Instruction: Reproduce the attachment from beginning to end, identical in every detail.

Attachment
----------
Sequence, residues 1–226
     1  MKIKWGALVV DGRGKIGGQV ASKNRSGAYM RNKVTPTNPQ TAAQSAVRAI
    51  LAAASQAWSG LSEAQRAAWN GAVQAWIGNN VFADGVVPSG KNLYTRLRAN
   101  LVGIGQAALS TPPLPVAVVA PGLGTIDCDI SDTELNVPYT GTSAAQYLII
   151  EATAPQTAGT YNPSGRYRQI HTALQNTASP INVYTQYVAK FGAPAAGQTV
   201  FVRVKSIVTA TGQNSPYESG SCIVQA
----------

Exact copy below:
Sequence, residues 1–226
     1  MKIKWGALVV DGRGKIGGQV ASKNRSGAYM RNKVTPTNPQ TAAQSAVRAI
    51  LAAASQAWSG LSEAQRAAWN GAVQAWIGNN VFADGVVPSG KNLYTRLRAN
   101  LVGIGQAALS TPPLPVAVVA PGLGTIDCDI SDTELNVPYT GTSAAQYLII
   151  EATAPQTAGT YNPSGRYRQI HTALQNTASP INVYTQYVAK FGAPAAGQTV
   201  FVRVKSIVTA TGQNSPYESG SCIVQA